Pharrell Williams announcing his part in designing a Toronto condo screened on a big screen downtown, away from the Yonge and Eglinton address that long belonged to a low-rise characteristic of the city’s real-estate “missing middle.” But a project called “untitled” stands to prevail there, regardless of snark by affordable housing advocates.
Amazon bails out of bad press
The Boys, an Amazon Prime series filmed in Toronto, alerted the offices around Mel Lastman Square to a scene involving 450 extras, with screaming and running and “a considerable amount of fake blood.” Councillor John Filion claimed he got it cancelled in view of the 2018 van attack. But the city says it was the producers’ decision.
Anna Maria Tremonti explains her pivot to podcasting. More is the name of her CBC talk show, set to debut on stage. And as Tremonti gets formally replaced on The Current by Matt Galloway, there’s a Metro Morning job posting.
Getting personal with the PM
HuffPost is repositioning to present itself as the news outlet prioritizing the personal over the political. So, it’s practical that Ottawa bureau chief Althia Raj has Justin Trudeau back in the PMO in order to mine those sources for the inside story of how he won:
Andrew Scheer has to convince his caucus to let him stay in charge. The defeated Conservative leader will be asking for a second chance, lest his MPs boot him before the April leadership review. Meanwhile, in Ontario, the new national unity crusade by Doug Ford comes with the premier back to ranting about the NDP’s socialist streak.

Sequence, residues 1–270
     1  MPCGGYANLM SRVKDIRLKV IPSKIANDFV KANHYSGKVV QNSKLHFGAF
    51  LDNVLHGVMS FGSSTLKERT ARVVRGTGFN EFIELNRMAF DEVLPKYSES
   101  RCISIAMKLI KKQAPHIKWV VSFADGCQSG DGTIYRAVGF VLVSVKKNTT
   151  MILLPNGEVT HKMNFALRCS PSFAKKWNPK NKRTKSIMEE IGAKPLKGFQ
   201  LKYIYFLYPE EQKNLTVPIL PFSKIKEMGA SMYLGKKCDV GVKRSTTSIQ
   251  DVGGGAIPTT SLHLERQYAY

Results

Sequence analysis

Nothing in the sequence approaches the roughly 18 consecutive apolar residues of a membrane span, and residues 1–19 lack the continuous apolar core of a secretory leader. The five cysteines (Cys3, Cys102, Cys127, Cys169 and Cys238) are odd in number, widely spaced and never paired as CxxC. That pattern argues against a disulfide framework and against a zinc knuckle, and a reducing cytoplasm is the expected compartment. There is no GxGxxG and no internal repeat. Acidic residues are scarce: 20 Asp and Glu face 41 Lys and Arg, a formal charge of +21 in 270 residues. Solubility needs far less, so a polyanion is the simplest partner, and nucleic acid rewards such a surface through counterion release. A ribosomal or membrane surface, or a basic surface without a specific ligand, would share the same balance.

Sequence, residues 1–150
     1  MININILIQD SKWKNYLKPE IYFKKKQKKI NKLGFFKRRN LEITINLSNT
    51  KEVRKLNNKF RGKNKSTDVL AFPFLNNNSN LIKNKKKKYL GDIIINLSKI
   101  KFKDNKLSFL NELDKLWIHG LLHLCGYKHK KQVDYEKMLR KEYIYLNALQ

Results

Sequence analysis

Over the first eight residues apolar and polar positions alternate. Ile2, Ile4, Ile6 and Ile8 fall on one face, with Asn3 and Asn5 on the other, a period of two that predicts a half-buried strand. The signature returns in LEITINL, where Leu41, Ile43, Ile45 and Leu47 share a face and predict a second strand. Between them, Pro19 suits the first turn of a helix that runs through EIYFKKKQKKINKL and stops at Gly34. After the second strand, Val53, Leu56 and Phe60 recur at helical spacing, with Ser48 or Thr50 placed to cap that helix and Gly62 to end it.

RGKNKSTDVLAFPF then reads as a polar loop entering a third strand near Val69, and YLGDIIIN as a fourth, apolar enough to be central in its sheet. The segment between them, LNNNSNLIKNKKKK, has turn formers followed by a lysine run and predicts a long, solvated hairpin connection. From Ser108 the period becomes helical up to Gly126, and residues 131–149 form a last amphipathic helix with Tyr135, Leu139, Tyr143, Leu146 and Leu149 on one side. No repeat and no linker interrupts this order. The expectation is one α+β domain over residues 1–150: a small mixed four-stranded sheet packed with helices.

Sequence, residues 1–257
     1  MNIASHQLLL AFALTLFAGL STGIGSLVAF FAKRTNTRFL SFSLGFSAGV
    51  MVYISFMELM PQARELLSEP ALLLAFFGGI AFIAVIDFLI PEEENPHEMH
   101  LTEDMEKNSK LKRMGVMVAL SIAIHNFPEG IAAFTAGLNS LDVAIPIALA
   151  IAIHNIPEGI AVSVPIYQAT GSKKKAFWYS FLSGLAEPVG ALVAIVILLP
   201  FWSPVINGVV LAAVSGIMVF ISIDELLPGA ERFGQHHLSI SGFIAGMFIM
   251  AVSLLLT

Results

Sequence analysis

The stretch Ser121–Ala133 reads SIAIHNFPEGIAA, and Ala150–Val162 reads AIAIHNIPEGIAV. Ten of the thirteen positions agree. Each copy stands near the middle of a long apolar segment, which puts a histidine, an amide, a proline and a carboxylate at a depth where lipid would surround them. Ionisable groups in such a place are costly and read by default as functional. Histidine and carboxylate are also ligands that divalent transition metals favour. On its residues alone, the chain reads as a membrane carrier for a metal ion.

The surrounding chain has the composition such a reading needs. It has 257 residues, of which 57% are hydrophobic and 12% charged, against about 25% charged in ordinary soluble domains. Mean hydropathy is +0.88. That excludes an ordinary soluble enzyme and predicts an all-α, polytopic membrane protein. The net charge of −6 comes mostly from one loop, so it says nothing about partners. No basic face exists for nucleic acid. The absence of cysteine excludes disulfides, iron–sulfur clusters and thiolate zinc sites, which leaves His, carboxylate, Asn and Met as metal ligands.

New grist for Meghan Murphy
A woman protesting the gender identity panel discussion in Vancouver shouted at a couple attending the event, a confrontation caught on tape: “Is that your mail-order bride?” The protester also works as a support worker for an agency that’s now expressing its regret:
“I’m Part of the 0.1 Percent and I Want a Wealth Tax.” Meghan Bell’s essay for The Walrus was spun into a podcast episode of Canadaland. And that’s what it took for Bell to end up in Twitter arguments about where she’s coming from as a privileged person.
Finally, the Power fights back
Power 107 is the name of a Harvard Broadcasting–owned Edmonton radio station being sued by Corus Radio over a trademark registered in 1999—perhaps foreshadowing a format change for Q107 Toronto. Back then, there was already Power 92 in Edmonton, a since-retired name which Corus claims is violated by the application down the dial: